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Coding with Wonder Woman: Microsoft Project to Educate the Next Generation of Programmers


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There are five Wonder Woman 1984 and the Smithsonian Learning Lab lessons.

This week Microsoft, in partnership with NASA, Wonder Woman 1984, and Smithsonian Learning Labs, announced a line of online educational experiences to teach students how to code using popular films, space exploration, and more.

Credit: metamorworks/iStock

The demand for programming positions is expected to grow in the years ahead. A report from The Knowledge Academy determined that there will be more than one-quarter million new software development positions by 2026. However, there are potential problems with the early education computer science pipeline in the US.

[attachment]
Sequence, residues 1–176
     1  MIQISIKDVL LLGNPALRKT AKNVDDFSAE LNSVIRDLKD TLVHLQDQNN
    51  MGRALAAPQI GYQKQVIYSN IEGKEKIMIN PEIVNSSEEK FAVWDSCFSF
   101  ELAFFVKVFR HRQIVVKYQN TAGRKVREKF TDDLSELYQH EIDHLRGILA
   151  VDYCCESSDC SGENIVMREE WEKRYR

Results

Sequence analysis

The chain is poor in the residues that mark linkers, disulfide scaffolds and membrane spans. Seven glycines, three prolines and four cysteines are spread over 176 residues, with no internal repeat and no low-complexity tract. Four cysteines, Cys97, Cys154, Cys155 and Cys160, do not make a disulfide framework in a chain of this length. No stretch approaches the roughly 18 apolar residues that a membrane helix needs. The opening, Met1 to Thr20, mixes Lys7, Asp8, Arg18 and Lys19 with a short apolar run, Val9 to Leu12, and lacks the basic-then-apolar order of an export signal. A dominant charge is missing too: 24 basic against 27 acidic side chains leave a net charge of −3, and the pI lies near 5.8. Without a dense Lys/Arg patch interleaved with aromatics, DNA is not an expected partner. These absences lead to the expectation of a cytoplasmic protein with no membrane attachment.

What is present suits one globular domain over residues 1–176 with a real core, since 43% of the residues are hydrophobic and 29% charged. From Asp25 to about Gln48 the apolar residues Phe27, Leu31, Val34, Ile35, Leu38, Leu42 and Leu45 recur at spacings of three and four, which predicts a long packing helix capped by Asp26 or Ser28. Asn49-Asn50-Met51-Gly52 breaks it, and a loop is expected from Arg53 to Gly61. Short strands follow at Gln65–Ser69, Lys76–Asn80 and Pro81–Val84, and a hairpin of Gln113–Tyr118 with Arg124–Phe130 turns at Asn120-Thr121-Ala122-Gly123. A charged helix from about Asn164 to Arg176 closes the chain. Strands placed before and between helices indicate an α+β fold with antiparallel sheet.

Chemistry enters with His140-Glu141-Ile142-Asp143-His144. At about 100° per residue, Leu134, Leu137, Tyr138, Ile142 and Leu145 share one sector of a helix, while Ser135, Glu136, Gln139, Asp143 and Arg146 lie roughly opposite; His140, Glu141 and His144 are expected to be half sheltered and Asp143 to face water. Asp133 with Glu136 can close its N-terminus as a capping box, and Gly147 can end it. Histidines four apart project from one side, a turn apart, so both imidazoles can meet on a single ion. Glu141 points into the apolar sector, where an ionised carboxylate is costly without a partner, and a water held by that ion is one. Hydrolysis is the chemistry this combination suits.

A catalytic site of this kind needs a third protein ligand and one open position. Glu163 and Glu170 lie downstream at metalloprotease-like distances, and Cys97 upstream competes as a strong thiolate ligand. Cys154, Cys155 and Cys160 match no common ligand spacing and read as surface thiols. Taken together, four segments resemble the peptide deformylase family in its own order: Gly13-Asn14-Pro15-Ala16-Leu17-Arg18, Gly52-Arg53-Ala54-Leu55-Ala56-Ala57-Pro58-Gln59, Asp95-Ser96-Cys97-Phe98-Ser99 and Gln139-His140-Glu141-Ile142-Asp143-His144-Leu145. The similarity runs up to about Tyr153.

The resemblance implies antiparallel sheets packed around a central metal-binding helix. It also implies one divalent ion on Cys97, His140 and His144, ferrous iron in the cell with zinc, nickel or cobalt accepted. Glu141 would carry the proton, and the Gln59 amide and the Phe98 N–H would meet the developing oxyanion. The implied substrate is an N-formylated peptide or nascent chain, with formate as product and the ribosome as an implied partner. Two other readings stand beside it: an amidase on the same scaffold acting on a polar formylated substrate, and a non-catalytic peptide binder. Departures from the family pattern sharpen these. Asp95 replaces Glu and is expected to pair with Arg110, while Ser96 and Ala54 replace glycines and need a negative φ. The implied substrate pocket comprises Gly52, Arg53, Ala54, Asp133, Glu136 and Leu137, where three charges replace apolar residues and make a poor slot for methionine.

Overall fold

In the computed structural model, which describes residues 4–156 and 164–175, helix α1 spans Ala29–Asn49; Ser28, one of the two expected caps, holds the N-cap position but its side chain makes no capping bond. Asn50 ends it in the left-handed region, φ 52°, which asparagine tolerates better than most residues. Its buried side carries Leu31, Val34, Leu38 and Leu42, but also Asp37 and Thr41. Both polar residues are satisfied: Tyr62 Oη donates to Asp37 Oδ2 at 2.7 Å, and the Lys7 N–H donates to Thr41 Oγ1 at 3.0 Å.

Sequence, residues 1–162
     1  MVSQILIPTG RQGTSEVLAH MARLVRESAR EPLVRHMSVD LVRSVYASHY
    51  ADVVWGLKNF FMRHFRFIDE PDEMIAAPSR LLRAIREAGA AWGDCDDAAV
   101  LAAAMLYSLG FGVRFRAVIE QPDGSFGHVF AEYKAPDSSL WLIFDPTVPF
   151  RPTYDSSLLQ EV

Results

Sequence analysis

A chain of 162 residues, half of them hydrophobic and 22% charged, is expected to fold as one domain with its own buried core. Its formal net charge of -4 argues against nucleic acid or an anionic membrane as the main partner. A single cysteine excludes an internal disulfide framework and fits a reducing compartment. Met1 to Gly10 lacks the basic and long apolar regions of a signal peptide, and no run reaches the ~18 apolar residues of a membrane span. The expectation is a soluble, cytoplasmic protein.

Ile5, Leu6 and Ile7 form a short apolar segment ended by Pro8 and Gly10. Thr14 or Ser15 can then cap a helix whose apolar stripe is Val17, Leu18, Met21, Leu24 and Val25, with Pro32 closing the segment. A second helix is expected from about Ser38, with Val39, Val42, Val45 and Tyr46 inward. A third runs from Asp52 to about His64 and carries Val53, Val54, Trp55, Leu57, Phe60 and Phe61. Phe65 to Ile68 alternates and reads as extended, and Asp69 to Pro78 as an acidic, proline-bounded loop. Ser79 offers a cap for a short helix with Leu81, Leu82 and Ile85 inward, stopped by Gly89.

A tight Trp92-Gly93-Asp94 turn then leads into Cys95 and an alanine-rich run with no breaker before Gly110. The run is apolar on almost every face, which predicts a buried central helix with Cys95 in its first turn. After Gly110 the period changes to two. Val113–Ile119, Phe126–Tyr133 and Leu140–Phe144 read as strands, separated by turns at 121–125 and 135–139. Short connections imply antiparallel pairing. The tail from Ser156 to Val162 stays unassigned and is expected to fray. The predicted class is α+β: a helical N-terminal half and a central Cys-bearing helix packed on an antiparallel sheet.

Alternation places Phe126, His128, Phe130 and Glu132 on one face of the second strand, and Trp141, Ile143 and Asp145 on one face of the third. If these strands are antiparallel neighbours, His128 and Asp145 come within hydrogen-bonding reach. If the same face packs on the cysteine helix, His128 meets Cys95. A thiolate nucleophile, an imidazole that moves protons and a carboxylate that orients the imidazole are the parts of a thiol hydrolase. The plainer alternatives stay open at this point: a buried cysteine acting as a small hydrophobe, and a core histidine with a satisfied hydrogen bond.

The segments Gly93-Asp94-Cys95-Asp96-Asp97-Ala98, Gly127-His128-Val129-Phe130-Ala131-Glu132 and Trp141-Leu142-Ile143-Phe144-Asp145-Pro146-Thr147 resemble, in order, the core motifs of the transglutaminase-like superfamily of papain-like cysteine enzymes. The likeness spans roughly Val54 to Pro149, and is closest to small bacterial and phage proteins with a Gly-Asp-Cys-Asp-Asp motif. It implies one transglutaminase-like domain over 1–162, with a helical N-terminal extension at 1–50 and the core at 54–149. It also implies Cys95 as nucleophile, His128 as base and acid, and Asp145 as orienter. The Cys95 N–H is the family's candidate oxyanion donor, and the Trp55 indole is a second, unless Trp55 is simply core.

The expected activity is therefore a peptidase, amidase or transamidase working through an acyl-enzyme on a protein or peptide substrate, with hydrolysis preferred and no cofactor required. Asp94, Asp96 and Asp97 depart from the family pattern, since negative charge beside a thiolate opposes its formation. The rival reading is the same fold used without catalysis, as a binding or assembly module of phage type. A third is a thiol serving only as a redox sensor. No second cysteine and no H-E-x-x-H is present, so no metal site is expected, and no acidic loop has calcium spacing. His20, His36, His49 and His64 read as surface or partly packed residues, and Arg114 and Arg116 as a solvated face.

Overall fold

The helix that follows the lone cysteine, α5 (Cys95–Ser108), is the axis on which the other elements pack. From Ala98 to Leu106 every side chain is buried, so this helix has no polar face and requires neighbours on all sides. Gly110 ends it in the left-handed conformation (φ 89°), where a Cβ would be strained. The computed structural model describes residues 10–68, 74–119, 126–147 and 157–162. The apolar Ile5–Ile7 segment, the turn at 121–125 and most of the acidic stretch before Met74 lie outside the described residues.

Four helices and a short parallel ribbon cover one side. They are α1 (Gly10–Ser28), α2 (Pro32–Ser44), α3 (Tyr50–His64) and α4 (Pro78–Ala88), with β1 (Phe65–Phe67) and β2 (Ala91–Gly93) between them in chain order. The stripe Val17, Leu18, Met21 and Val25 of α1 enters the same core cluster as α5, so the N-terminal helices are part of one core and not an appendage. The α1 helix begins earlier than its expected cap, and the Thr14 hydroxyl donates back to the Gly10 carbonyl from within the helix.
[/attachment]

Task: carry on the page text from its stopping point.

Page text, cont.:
Many US schools do not offer computer science courses to teach students fundamental skills in these areas. In fact, less than half of K-12 schools offer computer science in 39 states, according to a Code Advocacy Coalition's 2019 State of Computer Science Education Equity and Diversity.

On Tuesday, Microsoft, in partnership with NASA, Wonder Woman 1984, and Smithsonian Learning Labs announced a number of online educational experiences to teach students and life-long learners how to code using popular films, space exploration, and more.

 

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